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The missing snows of KilimanjaroTrees amid the waters

Thermoelectric solar power station

£569.25 (including 15 % tax)

This image is of a thermoelectric solar power station at Sanlúcar la Mayor, near Seville, Andalucia, Spain Latitude / Longtitude:(37°26’N, 6°15’W)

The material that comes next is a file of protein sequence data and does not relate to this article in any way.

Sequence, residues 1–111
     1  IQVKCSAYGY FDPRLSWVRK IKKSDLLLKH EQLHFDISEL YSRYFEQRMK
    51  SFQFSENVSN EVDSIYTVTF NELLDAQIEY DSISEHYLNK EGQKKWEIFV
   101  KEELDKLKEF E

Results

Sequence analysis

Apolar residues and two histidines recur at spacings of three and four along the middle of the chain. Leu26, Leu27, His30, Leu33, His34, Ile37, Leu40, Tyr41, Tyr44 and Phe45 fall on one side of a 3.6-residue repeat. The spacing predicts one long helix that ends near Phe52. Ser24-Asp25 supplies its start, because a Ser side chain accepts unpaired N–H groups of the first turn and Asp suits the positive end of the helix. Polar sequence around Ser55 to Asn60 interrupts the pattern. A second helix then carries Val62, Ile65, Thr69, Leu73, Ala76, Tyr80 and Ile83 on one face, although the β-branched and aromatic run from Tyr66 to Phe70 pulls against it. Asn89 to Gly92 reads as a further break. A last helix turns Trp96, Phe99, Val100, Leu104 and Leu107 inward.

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The wide plains round Seville benefit from 320 sunny days a year and are therefore an ideal site for thermoelectric solar power stations.  The first generator of this complex, generating 11 megawatts, has been in operation since the end of 2006, and there will ultimately be a total of eight on this site.  This one consists of 624 adjustable mirrors, each 121 square metres in size, set up over nearly 70 hectares.  These mirrors are placed at the foot of a 115 metre high tower, and concentrate the sun’s rays on a boiler at the top of the tower.  The resulting temperature of between 600°C and 1,000°C produces steam which drives turbines and alternators which in turn generate electricity.  Even though these installations require a lot of space, they can supply as much power as fossil fuel power stations when the sun shines.  In 2013 these eight solar power stations will supply 180,000 homes or the equivalent of a town like Seville, with electricity.  At the moment renewable energy – solar, hydroelectric, biomass, wind and geothermal – only supplies 14.4% of European electricity.

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